[from 2nd Samual 24]Not sure why God couldn't have chastised David more directly instead of killing 70,000 other folks.... or why his son Solomon was not punished later for a similar counting is not clear, "Solomon took a census of all foreigners in the land of Israel, like the census his father had taken, and he counted 153,600." 2nd Chronicles 2:17. He would have surely known of his father's experience...and he was, afterall, as wise as ....well... Solomon.
"David was conscience-stricken after he had counted the fighting men, and he said to the LORD, "I have sinned greatly in what I have done. Now, O LORD, I beg you, take away the guilt of your servant. I have done a very foolish thing."
11 Before David got up the next morning, the word of the LORD had come to Gad the prophet, David's seer: 12 "Go and tell David, 'This is what the LORD says: I am giving you three options. Choose one of them for me to carry out against you.' "
13 So Gad went to David and said to him, "Shall there come upon you three [b] years of famine in your land? Or three months of fleeing from your enemies while they pursue you? Or three days of plague in your land? Now then, think it over and decide how I should answer the one who sent me."
14 David said to Gad, "I am in deep distress. Let us fall into the hands of the LORD, for his mercy is great; but do not let me fall into the hands of men."
15 So the LORD sent a plague on Israel from that morning until the end of the time designated, and seventy thousand of the people from Dan to Beersheba died.
Similarly God's retribution seems not to fall on a later enumeration reported in Ezra 2:1-34 where many of the people were not only counted, but named by name...."Now these are the people of the province who came up from the captivity of the exiles, whom Nebuchadnezzar king of Babylon had taken captive to Babylon (they returned to Jerusalem and Judah, each to their own town, 2 in company with Zerubbabel, Joshua, Nehemiah, Seraiah, Reelaiah, Mordecai, Bilshan, Mispar, Bigvai, Rehum and Baanah):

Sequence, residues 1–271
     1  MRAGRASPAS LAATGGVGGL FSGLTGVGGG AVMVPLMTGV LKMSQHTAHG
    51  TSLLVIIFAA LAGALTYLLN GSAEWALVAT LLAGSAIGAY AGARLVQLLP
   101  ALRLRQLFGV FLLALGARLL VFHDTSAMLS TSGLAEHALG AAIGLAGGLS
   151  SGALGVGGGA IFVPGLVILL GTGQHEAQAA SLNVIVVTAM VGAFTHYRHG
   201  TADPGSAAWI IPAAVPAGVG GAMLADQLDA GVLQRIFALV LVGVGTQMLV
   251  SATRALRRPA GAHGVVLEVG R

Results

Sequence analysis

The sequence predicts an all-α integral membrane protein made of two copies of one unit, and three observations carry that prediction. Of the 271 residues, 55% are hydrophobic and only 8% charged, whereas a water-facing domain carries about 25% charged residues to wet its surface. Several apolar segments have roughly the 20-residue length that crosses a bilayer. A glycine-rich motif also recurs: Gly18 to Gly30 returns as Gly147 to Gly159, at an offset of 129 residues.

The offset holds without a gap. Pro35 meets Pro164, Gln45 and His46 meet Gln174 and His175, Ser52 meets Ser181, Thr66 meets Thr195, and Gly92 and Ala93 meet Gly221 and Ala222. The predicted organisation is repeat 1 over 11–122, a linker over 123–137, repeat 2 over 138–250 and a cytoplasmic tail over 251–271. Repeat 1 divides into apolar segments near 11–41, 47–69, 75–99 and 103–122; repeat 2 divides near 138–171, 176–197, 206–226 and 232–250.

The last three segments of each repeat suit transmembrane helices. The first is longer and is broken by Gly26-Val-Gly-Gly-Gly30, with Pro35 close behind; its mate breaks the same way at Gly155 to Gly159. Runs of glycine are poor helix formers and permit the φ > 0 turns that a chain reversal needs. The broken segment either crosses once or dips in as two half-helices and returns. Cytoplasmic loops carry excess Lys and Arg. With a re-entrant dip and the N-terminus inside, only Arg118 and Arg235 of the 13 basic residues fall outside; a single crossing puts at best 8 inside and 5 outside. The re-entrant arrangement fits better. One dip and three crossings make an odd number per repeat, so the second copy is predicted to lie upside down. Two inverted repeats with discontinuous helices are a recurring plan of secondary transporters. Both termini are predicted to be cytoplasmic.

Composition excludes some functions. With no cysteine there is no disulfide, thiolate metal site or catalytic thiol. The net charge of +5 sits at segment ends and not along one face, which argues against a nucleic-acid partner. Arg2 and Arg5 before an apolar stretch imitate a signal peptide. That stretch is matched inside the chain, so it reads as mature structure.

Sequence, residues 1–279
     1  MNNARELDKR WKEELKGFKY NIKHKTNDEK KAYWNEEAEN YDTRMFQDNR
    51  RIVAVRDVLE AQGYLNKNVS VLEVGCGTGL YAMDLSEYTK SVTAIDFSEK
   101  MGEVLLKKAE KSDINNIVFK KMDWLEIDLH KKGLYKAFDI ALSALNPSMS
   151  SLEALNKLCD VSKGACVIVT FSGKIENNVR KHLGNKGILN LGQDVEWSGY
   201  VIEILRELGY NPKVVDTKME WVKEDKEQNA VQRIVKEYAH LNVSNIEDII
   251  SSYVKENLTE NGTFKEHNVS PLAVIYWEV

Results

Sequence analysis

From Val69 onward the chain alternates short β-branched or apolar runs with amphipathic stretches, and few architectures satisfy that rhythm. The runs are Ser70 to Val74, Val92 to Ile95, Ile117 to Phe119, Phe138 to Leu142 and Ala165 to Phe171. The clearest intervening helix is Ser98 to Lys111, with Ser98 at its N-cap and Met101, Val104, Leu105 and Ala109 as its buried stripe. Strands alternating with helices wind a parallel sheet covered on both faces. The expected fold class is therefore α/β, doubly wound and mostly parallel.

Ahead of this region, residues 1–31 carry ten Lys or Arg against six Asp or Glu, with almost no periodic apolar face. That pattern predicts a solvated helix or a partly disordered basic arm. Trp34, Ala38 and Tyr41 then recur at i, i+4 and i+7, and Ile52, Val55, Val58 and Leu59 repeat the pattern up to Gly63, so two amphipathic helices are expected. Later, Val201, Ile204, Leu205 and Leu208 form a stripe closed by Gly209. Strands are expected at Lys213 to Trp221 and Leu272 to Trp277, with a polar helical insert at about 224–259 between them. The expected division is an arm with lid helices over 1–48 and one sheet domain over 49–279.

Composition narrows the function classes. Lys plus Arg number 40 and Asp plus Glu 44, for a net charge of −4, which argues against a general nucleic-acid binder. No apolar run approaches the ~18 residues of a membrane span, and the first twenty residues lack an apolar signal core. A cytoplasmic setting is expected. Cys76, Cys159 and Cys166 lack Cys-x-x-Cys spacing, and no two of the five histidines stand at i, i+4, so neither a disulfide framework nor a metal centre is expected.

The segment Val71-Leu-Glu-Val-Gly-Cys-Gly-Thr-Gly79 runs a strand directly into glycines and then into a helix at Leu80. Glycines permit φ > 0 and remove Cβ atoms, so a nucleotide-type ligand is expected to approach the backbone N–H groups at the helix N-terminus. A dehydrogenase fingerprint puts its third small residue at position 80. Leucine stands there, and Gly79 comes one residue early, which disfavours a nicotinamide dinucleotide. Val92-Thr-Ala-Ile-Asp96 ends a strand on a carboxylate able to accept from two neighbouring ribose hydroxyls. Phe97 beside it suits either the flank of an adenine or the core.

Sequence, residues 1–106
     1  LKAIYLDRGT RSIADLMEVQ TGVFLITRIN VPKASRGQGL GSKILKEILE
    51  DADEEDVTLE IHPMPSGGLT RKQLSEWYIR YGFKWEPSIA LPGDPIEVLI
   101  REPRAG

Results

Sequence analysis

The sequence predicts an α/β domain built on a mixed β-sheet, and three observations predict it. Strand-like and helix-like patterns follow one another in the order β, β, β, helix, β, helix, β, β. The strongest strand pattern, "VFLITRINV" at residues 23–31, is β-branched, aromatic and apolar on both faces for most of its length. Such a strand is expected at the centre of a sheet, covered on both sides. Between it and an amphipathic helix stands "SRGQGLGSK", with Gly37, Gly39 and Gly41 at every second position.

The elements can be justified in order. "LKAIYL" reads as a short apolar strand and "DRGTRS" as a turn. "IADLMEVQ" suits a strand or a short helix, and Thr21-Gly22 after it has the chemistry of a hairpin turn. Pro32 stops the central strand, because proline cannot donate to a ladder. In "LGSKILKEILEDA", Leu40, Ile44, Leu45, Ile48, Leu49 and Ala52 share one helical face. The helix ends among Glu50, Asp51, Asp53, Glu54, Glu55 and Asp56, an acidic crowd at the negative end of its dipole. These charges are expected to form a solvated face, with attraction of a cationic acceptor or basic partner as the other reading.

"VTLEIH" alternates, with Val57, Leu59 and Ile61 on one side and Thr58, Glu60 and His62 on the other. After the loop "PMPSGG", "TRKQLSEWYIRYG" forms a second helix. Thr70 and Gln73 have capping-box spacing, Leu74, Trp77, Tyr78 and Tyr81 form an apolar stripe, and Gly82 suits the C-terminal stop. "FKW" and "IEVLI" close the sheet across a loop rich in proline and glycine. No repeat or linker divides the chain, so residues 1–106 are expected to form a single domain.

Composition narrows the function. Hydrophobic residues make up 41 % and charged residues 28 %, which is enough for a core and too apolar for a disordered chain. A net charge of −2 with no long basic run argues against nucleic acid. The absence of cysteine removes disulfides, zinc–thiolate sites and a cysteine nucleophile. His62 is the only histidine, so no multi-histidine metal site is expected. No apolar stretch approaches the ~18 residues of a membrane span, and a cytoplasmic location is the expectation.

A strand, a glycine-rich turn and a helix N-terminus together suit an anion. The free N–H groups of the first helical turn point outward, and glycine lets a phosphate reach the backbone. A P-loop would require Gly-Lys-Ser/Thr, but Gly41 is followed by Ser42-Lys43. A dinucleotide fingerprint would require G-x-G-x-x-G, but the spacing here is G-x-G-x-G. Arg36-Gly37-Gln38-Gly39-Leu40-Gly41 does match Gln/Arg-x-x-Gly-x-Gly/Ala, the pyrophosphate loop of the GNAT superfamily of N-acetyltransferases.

The list of the men of the people of Israel: .....
So why the singular focus on David's sin became so common is unclear to me..but it lasted well into the 18th century.
In a letter from John Winthrop to Sir Nathaniel Rich he reported that the people of the Colony had not been formally numbered, by reason of " David's example," but there were believed to be more than 4000 of them.
In The "Triumph of Numbers" by I B Cohen he quotes Winthrop letter with the colorful reasonin that, "David's example sticke's somewhat with us."
From the same source I found, "In 1712, in a letter to the Lord of Trade, the Governer of New York blamed the imperfections of the census of 1712 on the fear of God's wrath and, in a report, claimed that an earlier count had been followed by excessive sickness in the colony."